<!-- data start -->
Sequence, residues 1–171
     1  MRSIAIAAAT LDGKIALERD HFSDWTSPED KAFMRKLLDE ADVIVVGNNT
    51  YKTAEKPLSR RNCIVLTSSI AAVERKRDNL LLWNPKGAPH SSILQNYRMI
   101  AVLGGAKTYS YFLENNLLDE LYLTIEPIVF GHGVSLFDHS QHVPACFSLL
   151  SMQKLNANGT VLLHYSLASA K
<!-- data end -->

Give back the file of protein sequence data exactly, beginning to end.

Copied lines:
Sequence, residues 1–171
     1  MRSIAIAAAT LDGKIALERD HFSDWTSPED KAFMRKLLDE ADVIVVGNNT
    51  YKTAEKPLSR RNCIVLTSSI AAVERKRDNL LLWNPKGAPH SSILQNYRMI
   101  AVLGGAKTYS YFLENNLLDE LYLTIEPIVF GHGVSLFDHS QHVPACFSLL
   151  SMQKLNANGT VLLHYSLASA K